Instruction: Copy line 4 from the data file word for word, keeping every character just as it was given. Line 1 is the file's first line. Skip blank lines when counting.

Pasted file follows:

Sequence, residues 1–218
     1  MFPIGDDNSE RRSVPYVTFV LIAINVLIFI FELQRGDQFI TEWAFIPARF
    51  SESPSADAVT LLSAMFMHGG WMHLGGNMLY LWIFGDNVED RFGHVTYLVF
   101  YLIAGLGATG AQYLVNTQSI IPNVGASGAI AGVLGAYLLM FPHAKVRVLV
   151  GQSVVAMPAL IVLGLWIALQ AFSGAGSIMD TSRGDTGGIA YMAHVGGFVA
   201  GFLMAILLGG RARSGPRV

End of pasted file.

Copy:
   101  YLIAGLGATG AQYLVNTQSI IPNVGASGAI AGVLGAYLLM FPHAKVRVLV